As a hobbyist photographer, I love taking those sweet posed newborn pictures for my friends and family whenever a new bundle of joy arrives. However, I don’t always have the money to spend on all the adorable props I want. The solution, DIY (do it yourself) props.
My most recent DIY is this fun airplane prop made out of a cardboard box.
The idea came from Repeat Crafter Me — and showed how to make a cardboard plane for kids to play in. I took this idea one step further by painting it, using hot glue instead of tape and securing the wings to create a newborn photography prop. Follow these step-by-step instructions to make your own airplane photography prop.
What You Will Need:
- A small cardboard box (I used a box that was 13″ long, 11″ wide, and 5″ deep)
- Large crafting scissors or a box cutter
- A hot glue gun with glue
- Paint (I used Rustoleum brand spray paint that I already had)
- A tarp or trash bag to paint on
- A marker or pen
Remove all four flaps from the open side of your box.
Sort your flaps according to what part of the plane they will become.
On the long side of the “body” of your box, use your thumb as a guide to mark a point at thumb’s length in the approximate center. Then use that point to draw an arch from corner to corner.
Cut out the arch and use it as a stencil to trace the same arch on the other long side of the box body. Cut out the second arch as well. Now, you will use the cut-outs from the arches to create the propellers. With your marker, draw an elongated tear drop shape on one cut-out, then trace it to the other and cut both out. After cutting out your propellers, use a bit of scrap from the cut-outs and cut out a small circle to use as the piece that will connect your propellers once attached.
Cut out your wings and tail using the flaps you removed from the box earlier. Cut both long flaps into wings by rounding off one side of each flap. Do the same to one short flap to make the vertical piece of the tail. For the horizontal tail piece, cut a slit about 3/4 (or slightly more) of the way through your last short flap. This will allow the horizontal tail portion to attach to the vertical tail piece.
Place all of your airplane pieces on a tarp or trash bag to paint them. You can paint any color – I chose to paint the body, wings and tail red, the propeller blades white and the circle black. Once all the pieces were dry, I added a second coat of paint. Be sure to paint the vertical tail wing on both sides as you will be seeing both sides of it.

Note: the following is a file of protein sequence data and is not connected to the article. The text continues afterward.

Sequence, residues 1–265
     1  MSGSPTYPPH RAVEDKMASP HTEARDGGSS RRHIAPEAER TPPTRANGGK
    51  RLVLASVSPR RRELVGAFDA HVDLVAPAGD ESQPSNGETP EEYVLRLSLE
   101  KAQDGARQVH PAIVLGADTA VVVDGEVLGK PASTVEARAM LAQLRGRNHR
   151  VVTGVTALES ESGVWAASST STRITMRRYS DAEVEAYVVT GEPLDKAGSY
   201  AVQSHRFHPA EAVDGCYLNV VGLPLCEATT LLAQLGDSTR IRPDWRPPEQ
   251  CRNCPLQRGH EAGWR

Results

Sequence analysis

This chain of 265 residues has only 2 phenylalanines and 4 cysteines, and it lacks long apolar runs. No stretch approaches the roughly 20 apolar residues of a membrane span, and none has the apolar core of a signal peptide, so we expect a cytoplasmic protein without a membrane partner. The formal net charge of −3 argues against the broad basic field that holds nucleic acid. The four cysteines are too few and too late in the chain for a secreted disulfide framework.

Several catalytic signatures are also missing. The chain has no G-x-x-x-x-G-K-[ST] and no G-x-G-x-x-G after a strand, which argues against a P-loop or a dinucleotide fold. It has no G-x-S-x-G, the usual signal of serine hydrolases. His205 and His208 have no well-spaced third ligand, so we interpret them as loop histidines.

Once all the parts are completely dry, it is time to start assembling your airplane. Start by cutting a horizontal slit on both long sides of the plane’s body. This is where you will insert the wings. A tip is to make the slits slightly longer than the width of the wings so they will easily fit.
Insert one wing (paint side up) into each slot you have cut out. Leave about an inch of the flat side sticking out inside the body of the box. Then, using your scissors or box cutter, cut two slits into the flat end of each wing. It should look like there are 3 little flaps only on the part of the wing inside the box (you can see my paint was not completely dry, so I had a little damage from inserting the wings).
Fold the outer two flaps down, and the center flap up. Then, secure each flap to the inside of the box body with hot glue. Repeat the steps on the other wing.
Attach the vertical tail wing to the back of your box by using hot glue along one edge and then secure it to the box body. Next, put hot glue along the entire cut-out notch of the horizontal tail wing, and slide it around the vertical tail wing. Hold these parts in place until the glue dries to ensure they do not slip out of place.
Use the hot glue to attach the propellers to the front of your box. Glue them so the points touch each other, and then glue the circle piece on top of the points to cover them up.
Your airplane is now assembled! Be sure it is completely dry before using it as a prop. Remember to always use a spotter and then do a composite in Photoshop, when posing a baby in a prop like this.
How to Use Your Airplane Prop
To pose the baby inside the airplane prop, I first used a bath towel to fill the inside of the box. I rolled up a smaller hand towel and placed that along the front edge of the plane. This allowed the baby’s head to be rested above the edge of the box, so his face could be seen better in the photos. Finally, I covered the top with furry basket stuffer fabric to hide the towels.
For my cloudy backdrop, I used a roll of bulletin board paper I found at my local craft store for $8.99.
We used a couple aviator hats that the baby’s mom had brought, but we also took photos without a hat on to show off his beautiful dark hair. All the photos were edited with MCP’s Inspire Actions for Photoshop and Newborn Necessities Actions for Photoshop. Detailed editing steps will be on Friday’s post. So check back then.
Blythe Harlan is a hobbyist photographer currently in Fort Bliss, Texas — you can find her on Facebook.